There is not enough money in the world for the National Nuclear Security Administration (NNSA) to spend its way to making 80 plutonium pits a year by 2030, the general who commands U.S. nuclear forces told Congress Tuesday morning.
“[W]e now know that we will not get 80 pits per year by 2030 as is statutorily required and even unlimited money at this point will not buy that back,” Adm. Charles Richard, commander of U.S. Strategic Command, said during a hearing of the Senate Armed Services Committee in response to a question from Sen. Jack Reed (D-R.I.), the chair.
Richard said there was “active work” going on at the joint Pentagon-NNSA Nuclear Weapons Council “to understand exactly how much of a delay we are going to have [and] how much of it can be addressed by funding.”
The Nuclear Weapons Council is required to annually certify that NNSA’s budget request for the upcoming fiscal year is sufficient to meet military needs. If the council cannot certify that, it is allowed to tell Congress, by May 1, what parts of the Department of Energy’s budget should get cut to make the NNSA request sufficient.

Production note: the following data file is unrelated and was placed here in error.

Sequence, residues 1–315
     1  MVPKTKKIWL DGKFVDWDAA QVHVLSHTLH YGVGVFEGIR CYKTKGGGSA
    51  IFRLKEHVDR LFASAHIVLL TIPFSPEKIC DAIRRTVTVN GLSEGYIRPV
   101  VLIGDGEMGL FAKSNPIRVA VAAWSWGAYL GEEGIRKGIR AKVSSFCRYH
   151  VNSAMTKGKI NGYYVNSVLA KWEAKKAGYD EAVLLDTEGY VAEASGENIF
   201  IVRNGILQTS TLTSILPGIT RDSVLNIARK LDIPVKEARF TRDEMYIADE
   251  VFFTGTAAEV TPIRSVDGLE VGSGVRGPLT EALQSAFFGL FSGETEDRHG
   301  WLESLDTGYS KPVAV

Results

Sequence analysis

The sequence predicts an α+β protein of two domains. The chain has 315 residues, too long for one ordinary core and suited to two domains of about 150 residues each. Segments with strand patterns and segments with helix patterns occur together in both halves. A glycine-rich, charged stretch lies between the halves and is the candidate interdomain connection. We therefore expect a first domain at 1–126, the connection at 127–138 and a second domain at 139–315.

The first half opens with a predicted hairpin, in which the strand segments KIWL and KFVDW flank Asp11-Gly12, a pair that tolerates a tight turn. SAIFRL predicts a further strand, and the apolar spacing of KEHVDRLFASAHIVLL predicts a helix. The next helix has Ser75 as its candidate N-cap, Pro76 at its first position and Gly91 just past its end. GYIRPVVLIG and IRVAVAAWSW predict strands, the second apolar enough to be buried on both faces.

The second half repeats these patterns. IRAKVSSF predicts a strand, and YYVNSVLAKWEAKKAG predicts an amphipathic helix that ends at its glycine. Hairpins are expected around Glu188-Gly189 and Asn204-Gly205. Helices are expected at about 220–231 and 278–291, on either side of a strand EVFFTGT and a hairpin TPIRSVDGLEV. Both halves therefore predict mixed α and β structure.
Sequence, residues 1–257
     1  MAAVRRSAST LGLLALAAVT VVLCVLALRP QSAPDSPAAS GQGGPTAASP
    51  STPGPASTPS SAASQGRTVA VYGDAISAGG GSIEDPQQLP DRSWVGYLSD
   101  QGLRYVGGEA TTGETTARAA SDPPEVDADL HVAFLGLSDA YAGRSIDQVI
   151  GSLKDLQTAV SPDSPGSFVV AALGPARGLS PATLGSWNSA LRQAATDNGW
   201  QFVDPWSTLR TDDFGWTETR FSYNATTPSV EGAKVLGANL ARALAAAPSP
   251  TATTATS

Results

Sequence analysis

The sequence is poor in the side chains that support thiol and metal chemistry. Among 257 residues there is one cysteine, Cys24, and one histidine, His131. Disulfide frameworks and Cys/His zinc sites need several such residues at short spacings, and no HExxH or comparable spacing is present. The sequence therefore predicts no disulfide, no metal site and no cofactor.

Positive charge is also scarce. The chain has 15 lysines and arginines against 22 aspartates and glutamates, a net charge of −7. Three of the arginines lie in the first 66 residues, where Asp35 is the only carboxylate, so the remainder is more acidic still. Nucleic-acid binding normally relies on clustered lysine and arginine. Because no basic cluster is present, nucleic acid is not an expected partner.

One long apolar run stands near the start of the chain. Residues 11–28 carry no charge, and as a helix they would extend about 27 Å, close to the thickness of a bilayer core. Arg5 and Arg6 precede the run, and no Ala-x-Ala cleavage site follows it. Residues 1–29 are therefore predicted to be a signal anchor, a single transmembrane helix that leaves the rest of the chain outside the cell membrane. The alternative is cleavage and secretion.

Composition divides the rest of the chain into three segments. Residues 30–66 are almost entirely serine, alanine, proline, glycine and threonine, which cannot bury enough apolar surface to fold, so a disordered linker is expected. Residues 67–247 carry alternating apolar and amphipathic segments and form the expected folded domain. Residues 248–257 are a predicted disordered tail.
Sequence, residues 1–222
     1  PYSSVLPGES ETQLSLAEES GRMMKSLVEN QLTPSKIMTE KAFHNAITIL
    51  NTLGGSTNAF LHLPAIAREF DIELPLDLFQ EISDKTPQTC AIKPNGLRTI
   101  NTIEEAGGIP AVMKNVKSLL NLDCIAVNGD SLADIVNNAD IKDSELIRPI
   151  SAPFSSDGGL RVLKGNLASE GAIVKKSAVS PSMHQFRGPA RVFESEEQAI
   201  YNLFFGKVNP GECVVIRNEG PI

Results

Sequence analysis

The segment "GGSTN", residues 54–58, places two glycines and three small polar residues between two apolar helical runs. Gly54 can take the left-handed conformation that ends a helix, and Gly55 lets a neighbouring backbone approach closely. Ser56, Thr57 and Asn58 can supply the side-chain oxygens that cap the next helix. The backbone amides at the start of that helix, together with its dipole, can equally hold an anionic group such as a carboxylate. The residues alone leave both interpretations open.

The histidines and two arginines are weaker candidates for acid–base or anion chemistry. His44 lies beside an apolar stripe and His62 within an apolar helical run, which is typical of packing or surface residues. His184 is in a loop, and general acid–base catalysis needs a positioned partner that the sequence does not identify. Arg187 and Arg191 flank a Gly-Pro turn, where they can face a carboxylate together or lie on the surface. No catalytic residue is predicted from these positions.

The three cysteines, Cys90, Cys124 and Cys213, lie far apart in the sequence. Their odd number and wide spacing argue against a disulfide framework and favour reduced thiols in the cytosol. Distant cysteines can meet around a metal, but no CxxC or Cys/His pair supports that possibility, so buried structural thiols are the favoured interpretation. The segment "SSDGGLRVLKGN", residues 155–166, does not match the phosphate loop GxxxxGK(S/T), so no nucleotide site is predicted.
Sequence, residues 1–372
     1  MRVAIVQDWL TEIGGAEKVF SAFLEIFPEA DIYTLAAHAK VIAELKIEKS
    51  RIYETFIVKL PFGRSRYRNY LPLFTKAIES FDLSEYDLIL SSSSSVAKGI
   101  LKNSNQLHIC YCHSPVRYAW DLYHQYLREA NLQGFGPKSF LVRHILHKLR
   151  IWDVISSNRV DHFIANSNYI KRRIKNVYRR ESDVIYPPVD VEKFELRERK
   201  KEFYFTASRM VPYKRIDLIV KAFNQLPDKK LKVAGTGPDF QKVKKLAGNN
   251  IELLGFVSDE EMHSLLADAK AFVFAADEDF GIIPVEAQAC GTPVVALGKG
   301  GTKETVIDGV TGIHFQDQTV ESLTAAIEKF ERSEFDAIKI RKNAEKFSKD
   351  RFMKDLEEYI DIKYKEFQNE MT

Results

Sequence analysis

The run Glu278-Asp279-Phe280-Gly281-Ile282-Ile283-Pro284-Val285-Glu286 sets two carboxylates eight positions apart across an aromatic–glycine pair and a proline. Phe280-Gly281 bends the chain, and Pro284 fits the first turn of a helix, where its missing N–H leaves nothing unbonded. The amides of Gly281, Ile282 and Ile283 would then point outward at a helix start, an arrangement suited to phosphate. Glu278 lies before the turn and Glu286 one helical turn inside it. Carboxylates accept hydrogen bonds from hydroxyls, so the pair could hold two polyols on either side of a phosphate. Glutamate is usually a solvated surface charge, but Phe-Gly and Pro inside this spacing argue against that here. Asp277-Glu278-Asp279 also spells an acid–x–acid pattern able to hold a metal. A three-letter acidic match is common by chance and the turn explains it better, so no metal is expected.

NNSA acknowledged in 2021 that it would not be able to make 50 pits annually at the planned Savannah River Plutonium Processing Facility in Aiken, S.C. Instead, production there would probably start by 2035 or so, NNSA said.
Together with the planned Los Alamos Plutonium Production Project, an expansion of the PF-4 Plutonium Facility that is supposed to crank out 30 pits annually by 2026, NNSA had hoped to reach 80 pits annually by 2030, as required by federal law.
NNSA faces legal deadlines to make multiple war-usable pits before 2026, though exactly how many it can make before the big deadline of 30 a year is up in the air, a senior NNSA official said in February.
“[W]e’re not mitigating this problem,” Richard said during Tuesday’s hearing. “We have shot all the mitigation to get us to this point.”